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Talent & Recruitment
Tired of Hiring Bad Salespeople?
Jan 27, 2014 | Colleen Stanley lock

You may have seen this movie before.  In fact, you might have landed the starring role in the film titled, ‘Bad Hire, Bad Life.’  The plot is not a new one.    Sales manager hires a new salesperson and has high hopes that ‘this is the one.’  The resume was good and the interview even better. This salesperson is going to be a self-starter, team player and quota achiever. 

Then reality sets in as the new salesperson “unpacks his bags.”  The sales manager starts to hear a plethora of excuses for not making quota, all of which has nothing to do with personal performance:   

• “I need more and/or better leads.”   
• “I could win some deals if our pricing was more competitive.”
• “Our marketing collateral is not good.”  
• “If only…..(feel free to add your personal favorite to the list.)

The sales manager, desiring to be a good leader gets to work.  She spends time and money on search engine optimization, revamping pricing strategies, and updating marketing collateral.  Nothing changes and the sales manager reluctantly admits to hiring another dud.  This movie doesn’t have a happy ending. 

So how can you make a movie with a happy ending?  Rewrite the script and review your hiring process. There is a good chance that your candidates past experience doesn’t translate to future success at your organization. 

For example, your recent dud salesperson actually did well at his old company—he wasn’t fudging sales results on his resume.  However, a big reason for his success was because his former company provided him leads.  They had a robust inside sales department and marketing department.  Your new hire is a great producer---once the lead is generated. 

Your company, on the other hand, requires the salesperson to source and generate his own leads.  The glaring gap in your hiring process is that you are hiring salespeople with no prior experience in lead generation.   

So, how do you identify this hiring gap?  Design and ask good interview questions such as, “Tell me about the last five sales you made at your former company.  How was the opportunity created?”  Listen closely to see if the lead was generated by the salesperson or the company.   

Here’s another common gap in the hiring process.  Your new hire is complaining that she is losing business because the company’s prices are too high.   Now remember, this salesperson did well at her last company.  So what’s the reason she’s not producing for your organization?  

You didn’t ask how she won the business.  Her former company sold on price, not value.  She doesn’t know how to sell on value, not price.  She is a transactional salesperson.   

To identify this potential gap, ask questions during the interview process such as, “How were your products and services positioned in the market?  Were you the high price, medium or low price provider?”  Listen carefully to determine how the sale was really made.  Was it superior selling skills or low price that closed the business?   

Let’s address the second problem featured in this bad movie: You!  Sales managers to hang on to non-performing salespeople for too long.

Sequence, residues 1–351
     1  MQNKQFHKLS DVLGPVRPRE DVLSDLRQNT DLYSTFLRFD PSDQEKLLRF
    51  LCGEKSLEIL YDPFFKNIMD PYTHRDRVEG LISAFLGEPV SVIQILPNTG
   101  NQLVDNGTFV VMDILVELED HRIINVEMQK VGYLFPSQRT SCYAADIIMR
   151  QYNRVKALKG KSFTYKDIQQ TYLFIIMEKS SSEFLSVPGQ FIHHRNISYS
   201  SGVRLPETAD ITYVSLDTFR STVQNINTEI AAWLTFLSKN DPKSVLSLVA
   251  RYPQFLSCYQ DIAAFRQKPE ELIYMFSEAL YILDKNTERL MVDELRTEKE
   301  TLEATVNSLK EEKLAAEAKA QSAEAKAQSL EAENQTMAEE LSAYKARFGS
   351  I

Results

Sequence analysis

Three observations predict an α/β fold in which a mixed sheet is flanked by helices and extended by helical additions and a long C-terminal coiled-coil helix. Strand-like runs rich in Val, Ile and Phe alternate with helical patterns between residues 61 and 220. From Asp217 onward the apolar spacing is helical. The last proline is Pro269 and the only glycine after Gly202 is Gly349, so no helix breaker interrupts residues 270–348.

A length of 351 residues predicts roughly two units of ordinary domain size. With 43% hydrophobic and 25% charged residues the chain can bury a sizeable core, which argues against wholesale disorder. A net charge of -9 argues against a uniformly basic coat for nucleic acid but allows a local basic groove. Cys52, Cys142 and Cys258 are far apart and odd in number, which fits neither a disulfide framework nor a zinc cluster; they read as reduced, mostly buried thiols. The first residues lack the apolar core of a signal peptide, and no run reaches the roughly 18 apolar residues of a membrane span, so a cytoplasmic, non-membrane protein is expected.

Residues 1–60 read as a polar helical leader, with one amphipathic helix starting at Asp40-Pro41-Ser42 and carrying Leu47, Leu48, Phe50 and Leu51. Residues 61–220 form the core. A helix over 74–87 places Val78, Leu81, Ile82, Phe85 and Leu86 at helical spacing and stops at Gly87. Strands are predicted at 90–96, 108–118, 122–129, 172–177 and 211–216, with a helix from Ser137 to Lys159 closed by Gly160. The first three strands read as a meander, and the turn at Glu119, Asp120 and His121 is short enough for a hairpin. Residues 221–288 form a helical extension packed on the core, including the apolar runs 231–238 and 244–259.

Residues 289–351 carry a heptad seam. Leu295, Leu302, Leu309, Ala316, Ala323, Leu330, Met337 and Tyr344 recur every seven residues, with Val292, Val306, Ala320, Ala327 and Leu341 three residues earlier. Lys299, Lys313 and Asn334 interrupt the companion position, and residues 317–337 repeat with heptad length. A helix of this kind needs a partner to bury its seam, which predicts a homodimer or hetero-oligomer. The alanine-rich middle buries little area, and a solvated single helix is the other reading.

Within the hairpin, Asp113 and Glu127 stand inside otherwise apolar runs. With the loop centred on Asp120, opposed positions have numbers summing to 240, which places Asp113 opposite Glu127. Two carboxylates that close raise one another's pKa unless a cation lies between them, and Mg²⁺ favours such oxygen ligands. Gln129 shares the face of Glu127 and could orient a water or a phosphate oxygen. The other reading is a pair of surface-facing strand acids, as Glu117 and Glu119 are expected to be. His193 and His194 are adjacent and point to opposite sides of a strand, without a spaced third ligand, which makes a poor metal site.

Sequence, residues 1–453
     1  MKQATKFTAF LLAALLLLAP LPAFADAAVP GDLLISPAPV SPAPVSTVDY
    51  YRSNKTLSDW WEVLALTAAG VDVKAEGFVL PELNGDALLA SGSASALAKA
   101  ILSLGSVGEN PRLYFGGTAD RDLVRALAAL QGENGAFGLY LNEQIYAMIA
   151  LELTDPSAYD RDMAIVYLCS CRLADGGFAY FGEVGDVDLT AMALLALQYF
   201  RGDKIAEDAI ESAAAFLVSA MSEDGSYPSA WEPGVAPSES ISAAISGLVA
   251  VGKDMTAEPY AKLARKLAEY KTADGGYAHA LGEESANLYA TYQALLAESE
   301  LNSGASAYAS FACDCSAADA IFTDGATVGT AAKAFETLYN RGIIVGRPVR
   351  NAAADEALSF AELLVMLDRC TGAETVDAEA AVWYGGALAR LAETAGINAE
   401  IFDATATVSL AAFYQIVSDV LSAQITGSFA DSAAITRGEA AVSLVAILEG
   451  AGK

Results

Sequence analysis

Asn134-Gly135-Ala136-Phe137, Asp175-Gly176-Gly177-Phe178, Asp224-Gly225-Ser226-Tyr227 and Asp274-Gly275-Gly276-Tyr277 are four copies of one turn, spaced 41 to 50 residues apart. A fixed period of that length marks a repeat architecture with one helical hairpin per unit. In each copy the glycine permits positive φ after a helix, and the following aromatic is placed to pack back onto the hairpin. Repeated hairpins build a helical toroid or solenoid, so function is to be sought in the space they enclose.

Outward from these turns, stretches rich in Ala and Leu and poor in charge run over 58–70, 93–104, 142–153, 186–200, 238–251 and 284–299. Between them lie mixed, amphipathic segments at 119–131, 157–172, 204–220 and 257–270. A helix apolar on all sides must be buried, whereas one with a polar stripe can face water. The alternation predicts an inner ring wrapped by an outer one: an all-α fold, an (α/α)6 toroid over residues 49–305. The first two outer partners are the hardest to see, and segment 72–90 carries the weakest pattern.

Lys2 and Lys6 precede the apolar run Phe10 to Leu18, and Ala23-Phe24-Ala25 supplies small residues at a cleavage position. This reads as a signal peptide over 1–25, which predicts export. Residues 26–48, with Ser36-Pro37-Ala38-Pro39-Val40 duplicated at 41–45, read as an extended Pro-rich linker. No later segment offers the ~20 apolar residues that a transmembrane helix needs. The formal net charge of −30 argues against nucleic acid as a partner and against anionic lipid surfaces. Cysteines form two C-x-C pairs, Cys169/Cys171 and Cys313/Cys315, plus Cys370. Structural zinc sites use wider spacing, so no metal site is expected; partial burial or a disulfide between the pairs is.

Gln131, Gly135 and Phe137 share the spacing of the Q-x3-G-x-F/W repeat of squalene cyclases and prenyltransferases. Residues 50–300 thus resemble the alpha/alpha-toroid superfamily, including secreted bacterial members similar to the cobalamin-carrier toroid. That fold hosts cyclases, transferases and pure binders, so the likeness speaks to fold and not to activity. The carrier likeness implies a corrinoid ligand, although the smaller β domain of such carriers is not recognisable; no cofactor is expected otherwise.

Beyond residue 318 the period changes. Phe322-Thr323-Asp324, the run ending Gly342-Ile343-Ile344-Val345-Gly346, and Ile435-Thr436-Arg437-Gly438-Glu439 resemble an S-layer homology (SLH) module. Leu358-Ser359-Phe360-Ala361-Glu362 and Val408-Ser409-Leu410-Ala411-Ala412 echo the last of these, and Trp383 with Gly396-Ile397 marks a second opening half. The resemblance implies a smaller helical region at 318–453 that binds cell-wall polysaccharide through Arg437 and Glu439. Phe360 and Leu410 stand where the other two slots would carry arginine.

The reasons are many; however, the number one reason is generally because there are no specific metrics for success established.  It’s difficult to figure out if the new hire is on track or not. 

For example, most sales organizations bring on a new hire and have vague expectations around prospecting. “We want you to attend some networking events, do some email prospecting, some cold calling and meet with some potential referral partners.”  Some is not a number and can’t be measured.  (Can you imagine running your accounting department this way?  “We have some money in the bank.  We have some profit dropping to the bottom line.”)

You get what you expect so get specific about your expectations for success. 
“We expect you to attend 4 networking events a month, send 10 targeted emails each week to new prospects, make 10 cold calls each day, meet with two potential strategic partners each week, make five client retention calls a week and host a quarterly ‘lunch and learn’ for prospects and clients. That activity should lead to “X” amount of first appointments and “X” amount of closed business each month.”   Set and track expectations for success.      

You’ve got systems and processes for everything else at your company.  Get a system for hiring “A” players.  It’s time for you to star in a new movie called ‘Top Sales Guns.’    

About the Author
Colleen Stanley is president of SalesLeadership Inc., a business development consulting firm specializing in sales and sales management training. The company provides programs in prospecting, referral strategies, consultative sales training, sales management training, emotional intelligence and hiring/selection. She is the author of ‘Emotional Intelligence For Sales Success’ and ‘Growing Great Sales Teams.’ Reach Colleen at 303.708.1128 or visit www.salesleadershipdevelopment.com.

This article was originally featured as a blog post on Salesleadershipdevelopment.com, and has been reproduced with permission.

Disclaimer: The views and opinions expressed in this article are strictly those of the author. CPSA does not endorse any of the companies, products and services mentioned within this article

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